The big merger of 2 Philadelphia universities is finally complete

St. Joseph’s University has taken over the University of the Sciences, finalizing a historic, multibillion-dollar deal, and setting the stage for more mergers to come.
By: | June 1, 2022
Photo courtesy of Saint Joseph's University

Visitors to the University of the Sciences website Wednesday who hadn’t seen the news got a firsthand glimpse of their institution’s future in one swoop: Instead of traditional branding, a maroon banner with the name ‘Saint Joseph’s University’ appeared. The takeover was finally complete.

After nearly two years of painstaking work that started as an overture by the University of Sciences looking for a partner to continue learning for its students, Saint Joseph’s University cemented its merger by acquiring its programs while increasing its footprint to two campuses and boosting its endowment to $500 million. The historic deal gives St. Joe’s another location (called University City) just five miles from its Hawk Hill campus and importantly creates an expanded network of credentialed programs—especially those in health and sciences fields—for undergraduates, graduate students and adult learners.

“I’m proud that Saint Joseph’s is taking this bold step to provide access to in-demand health professions programs and to strengthen our university for generations to come,” said St. Joseph’s President Mark Reed. “These well-established programs in disciplines like physical therapy, occupational therapy, pharmacy and physician’s assistant allow us to meet market demand and position us for future growth in research, innovation and intellectual property development. Adding a second location, Saint Joseph’s takes its place in the heart of University City’s growing innovation district, offering on-campus state-of-the-art laboratories and brand-new recreation facilities.”

The combined campuses will give Saint Joe’s almost 9,000 total students and more than 400 full-time faculty, boosting its reach in the competitive Northeast/Mid-Atlantic region and the Philadelphia area. Though the process for finding the right institution began in the summer of 2020, the formal arrangement with Saint Joe’s didn’t happen until the middle of last year. Since then, both schools have undertaken navigating the complex fusion of all operations and financials. The Middle States Commission of Higher Education gave its blessing for the merger to go through this month. Now that the deal is done, the new work begins on the curricula that will be delivered.

“Through this combination, Saint Joseph’s will now be able to offer students more academic offerings than ever before,” said Provost Cheryl McConnell. “In just one year of integration planning, our academic leadership and faculty have been able to define an academic structure with two new schools, as well as the historic Philadelphia College of Pharmacy.”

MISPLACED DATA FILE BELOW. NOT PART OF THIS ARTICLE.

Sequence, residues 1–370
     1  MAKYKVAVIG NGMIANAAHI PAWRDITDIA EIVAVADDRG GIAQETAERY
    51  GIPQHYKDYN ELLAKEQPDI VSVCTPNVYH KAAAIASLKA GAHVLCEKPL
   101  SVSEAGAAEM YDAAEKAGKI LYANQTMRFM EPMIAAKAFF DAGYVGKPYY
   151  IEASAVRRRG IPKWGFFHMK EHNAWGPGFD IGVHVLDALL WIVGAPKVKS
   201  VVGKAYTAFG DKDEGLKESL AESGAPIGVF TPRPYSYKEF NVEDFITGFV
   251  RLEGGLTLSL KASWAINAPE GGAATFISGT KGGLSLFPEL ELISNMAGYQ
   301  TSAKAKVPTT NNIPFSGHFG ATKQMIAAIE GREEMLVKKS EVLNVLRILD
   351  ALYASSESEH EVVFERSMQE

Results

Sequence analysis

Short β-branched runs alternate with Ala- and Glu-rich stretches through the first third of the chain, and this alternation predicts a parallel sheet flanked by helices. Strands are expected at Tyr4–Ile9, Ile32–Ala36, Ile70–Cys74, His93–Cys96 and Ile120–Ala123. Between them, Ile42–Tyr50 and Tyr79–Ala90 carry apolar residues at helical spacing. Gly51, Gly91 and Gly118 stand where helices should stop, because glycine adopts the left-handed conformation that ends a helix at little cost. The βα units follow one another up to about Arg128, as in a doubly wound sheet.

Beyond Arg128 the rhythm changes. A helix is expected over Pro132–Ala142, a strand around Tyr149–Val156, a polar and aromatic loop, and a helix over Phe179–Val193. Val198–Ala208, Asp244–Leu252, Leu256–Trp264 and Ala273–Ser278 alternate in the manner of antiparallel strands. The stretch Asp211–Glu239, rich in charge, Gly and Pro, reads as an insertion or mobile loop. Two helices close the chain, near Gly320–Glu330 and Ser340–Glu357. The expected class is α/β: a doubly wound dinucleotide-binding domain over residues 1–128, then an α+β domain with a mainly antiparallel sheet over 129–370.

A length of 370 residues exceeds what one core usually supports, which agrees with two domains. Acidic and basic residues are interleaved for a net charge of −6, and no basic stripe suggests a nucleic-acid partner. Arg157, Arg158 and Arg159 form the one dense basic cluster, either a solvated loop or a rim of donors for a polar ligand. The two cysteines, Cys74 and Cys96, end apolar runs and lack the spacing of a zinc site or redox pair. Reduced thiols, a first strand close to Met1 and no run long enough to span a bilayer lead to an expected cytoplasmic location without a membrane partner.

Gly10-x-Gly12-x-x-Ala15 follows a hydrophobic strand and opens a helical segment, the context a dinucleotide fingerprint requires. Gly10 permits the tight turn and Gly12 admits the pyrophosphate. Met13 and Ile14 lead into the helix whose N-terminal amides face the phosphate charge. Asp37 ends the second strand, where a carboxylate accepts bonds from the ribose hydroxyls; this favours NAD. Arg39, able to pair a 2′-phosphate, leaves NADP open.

Known for its business and education offerings as well as its sterling reputation for getting students into careers in their fields and helping them achieve high earnings, officials at St. Joe’s saw big value in being able to leverage the University of the Sciences’ reputation in health sciences. “When Saint Joseph’s was approached about this potential opportunity, we had long been eying the addition of more health and science programs for our students,” said Jim Norris, chair of St. Joseph’s Board of Trustees. “But what really made this merger special and successful is that we found a partner that is as focused on the student as we are here at St. Joe’s.”


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According to Reed, the deal has attracted interest from other institutions looking to build their academic and structural footprints. Given the tenuous environment for smaller colleges struggling with enrollments and small endowments, others might be looking at the approach taken by the University of the Sciences—which was struggling financially—to salvage something for staff, faculty and students.

Colleges in the Northeast and New England, in particular, are facing tough decisions as they try to remain relevant and solvent during the pandemic.

  • In Pennsylvania, the Middle States Commission in March OK’d a deal that is merging six state public universities to form two.
  • The small Granite State College is close to being absorbed by the University of New Hampshire because of enrollment losses fueled by the pandemic.
  • Other institutions in Vermont and Connecticut (where 12 community colleges have been approved to be combined as one entity) are all facing potential mergers.
  • Last September, Northeastern University in Boston announced it was further expanding its global reach by taking over California-based Mills College in a fusion of two private institutions.
  • Just over the past year, the University of Arizona took over Ashford University, Delaware State University acquired Wesley College, Willamette University took over Pacific Northwest College of Art, and the University of Nevada-Reno and Sierra Nevada University were combined.

Because of the increasing likelihood that more institutions will pursue merger possibilities, St. Joseph’s leaders said they will be holding a webinar in late June to discuss potential opportunities. Babson College President Stephen Spinelli Jr., who experienced a takeover by Thomas Jefferson University while president of Philadelphia University in 2019, will host the session.